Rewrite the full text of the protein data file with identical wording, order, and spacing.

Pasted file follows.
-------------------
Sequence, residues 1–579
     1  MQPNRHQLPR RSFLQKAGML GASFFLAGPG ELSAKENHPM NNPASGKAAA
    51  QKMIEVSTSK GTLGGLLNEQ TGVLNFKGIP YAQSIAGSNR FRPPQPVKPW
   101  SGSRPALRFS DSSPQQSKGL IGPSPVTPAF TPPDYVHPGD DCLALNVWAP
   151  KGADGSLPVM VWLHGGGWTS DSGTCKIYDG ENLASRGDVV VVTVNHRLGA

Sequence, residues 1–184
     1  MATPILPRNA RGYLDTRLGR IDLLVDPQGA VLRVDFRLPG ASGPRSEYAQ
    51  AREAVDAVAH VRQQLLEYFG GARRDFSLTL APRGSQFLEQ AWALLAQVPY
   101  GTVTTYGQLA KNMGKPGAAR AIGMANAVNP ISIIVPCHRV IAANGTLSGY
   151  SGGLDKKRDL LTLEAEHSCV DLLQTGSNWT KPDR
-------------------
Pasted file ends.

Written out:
Sequence, residues 1–579
     1  MQPNRHQLPR RSFLQKAGML GASFFLAGPG ELSAKENHPM NNPASGKAAA
    51  QKMIEVSTSK GTLGGLLNEQ TGVLNFKGIP YAQSIAGSNR FRPPQPVKPW
   101  SGSRPALRFS DSSPQQSKGL IGPSPVTPAF TPPDYVHPGD DCLALNVWAP
   151  KGADGSLPVM VWLHGGGWTS DSGTCKIYDG ENLASRGDVV VVTVNHRLGA

Sequence, residues 1–184
     1  MATPILPRNA RGYLDTRLGR IDLLVDPQGA VLRVDFRLPG ASGPRSEYAQ
    51  AREAVDAVAH VRQQLLEYFG GARRDFSLTL APRGSQFLEQ AWALLAQVPY
   101  GTVTTYGQLA KNMGKPGAAR AIGMANAVNP ISIIVPCHRV IAANGTLSGY
   151  SGGLDKKRDL LTLEAEHSCV DLLQTGSNWT KPDR